Human papillomavirus (HPV) selectively infects the epithelium of the skin and mucous membranes. Specific HPV types are associated with squamous cell carcinoma, adenocarcinoma, and dysplasias of the cervix, penis, anus, vagina and vulva1. The term head and neck cancer includes malignancy in an area that comprises the skin, oral cavity, salivary glands, lip, pharynx, larynx, nasal cavity, paranasal sinuses and soft tissues of the neck and ear2.
The first association of HPV with head and neck cancer was published in 1985 3. HPV was also shown to play a role in the pathogenesis of a subset of head and neck squamous cell carcinomas (HNSCCs)4. Almost 650,000 patients worldwide are diagnosed with head or neck cancer each year and 350,000 patients die of this disease as this cancer is the sixth most prevalent type of cancer worldwide. The ratio of males to females is approximately 2:12, 3. From the point of view of the infection, HPVs have developed several molecular mechanisms to enable infected cells to suppress apoptosis5, 6. Based on their potential for oncogenesis, HPV types can be classified both as high-risk or low-risk7. Precancerous lesions of the oral mucosa are epithelial changes that are able to undergo malignant transformation more likely than normal tissue at other mucosal sites8.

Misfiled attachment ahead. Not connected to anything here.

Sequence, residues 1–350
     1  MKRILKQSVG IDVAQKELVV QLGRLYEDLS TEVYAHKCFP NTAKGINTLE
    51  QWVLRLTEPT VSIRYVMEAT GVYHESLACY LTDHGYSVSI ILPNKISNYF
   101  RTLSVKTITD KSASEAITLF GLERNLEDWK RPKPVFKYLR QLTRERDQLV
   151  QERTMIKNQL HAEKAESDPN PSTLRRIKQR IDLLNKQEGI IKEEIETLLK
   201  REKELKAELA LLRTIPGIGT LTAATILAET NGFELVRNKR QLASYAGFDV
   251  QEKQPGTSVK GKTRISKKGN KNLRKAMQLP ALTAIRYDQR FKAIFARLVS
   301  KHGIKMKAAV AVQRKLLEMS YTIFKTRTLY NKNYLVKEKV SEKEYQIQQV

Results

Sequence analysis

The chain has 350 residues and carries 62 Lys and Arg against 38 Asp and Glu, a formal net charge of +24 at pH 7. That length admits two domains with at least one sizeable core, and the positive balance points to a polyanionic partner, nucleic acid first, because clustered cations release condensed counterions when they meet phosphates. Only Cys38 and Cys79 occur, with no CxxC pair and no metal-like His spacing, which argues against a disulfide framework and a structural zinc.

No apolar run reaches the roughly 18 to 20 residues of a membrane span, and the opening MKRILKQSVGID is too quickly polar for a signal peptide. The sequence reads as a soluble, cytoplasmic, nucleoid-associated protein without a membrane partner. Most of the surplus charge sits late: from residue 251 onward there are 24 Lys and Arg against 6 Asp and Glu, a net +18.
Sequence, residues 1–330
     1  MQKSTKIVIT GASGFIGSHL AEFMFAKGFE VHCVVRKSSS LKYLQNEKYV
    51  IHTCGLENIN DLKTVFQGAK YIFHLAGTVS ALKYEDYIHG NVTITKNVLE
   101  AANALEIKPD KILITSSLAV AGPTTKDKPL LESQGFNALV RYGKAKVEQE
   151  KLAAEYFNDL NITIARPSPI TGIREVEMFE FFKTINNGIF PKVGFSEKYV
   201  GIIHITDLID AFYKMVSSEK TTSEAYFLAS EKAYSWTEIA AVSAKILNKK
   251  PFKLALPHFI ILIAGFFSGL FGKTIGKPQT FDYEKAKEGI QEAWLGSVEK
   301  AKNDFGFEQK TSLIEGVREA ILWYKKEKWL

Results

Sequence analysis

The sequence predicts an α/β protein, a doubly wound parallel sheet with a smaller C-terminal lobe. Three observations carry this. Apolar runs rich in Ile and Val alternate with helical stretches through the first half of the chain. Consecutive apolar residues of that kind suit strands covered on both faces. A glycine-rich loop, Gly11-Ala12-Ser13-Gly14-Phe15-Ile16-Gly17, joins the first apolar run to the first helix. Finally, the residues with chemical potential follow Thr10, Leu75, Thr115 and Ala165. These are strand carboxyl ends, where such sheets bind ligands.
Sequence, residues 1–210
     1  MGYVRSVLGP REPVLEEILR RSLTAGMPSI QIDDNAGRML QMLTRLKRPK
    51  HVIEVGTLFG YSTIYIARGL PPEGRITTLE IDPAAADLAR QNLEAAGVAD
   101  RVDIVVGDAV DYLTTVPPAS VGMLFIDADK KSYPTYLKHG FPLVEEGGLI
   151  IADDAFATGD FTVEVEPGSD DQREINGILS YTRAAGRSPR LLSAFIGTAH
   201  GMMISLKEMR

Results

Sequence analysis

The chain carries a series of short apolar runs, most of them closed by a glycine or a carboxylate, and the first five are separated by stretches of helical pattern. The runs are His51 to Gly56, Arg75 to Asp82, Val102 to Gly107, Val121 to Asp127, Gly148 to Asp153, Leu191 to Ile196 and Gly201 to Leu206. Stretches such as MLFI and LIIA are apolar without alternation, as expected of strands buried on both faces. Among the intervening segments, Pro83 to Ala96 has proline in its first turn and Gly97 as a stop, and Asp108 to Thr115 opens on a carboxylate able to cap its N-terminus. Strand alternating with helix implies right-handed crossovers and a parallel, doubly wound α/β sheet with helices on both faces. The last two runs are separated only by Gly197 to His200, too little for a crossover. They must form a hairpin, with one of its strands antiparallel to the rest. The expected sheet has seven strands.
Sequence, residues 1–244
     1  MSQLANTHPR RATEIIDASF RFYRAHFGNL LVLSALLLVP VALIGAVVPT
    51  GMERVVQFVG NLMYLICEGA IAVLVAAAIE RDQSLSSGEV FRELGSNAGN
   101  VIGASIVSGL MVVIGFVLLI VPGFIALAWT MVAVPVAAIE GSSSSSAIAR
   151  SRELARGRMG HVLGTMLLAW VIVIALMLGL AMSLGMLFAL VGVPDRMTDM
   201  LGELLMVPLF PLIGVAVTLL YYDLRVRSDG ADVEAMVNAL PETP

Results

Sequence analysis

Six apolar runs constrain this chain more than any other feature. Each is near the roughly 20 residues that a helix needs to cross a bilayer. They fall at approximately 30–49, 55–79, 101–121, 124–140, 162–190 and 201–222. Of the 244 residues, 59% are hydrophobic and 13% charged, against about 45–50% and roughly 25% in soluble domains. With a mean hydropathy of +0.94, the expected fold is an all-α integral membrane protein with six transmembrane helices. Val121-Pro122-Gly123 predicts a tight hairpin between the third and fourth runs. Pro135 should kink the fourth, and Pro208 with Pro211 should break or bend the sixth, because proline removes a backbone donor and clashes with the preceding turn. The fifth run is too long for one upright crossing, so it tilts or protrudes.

A total of 150 HPV genotypes have been identified9. The HPV 16 and 18 strains, which are known to cause nearly all cases of cervical cancer, also raise the risk of developing oropharyngeal cancer10. The evident similarities between both cervical and head and neck tumors prompted the utilization of the same HPV diagnostic procedures. There is now compelling evidence that specially designed methodologies must be employed for prognosis11, 12.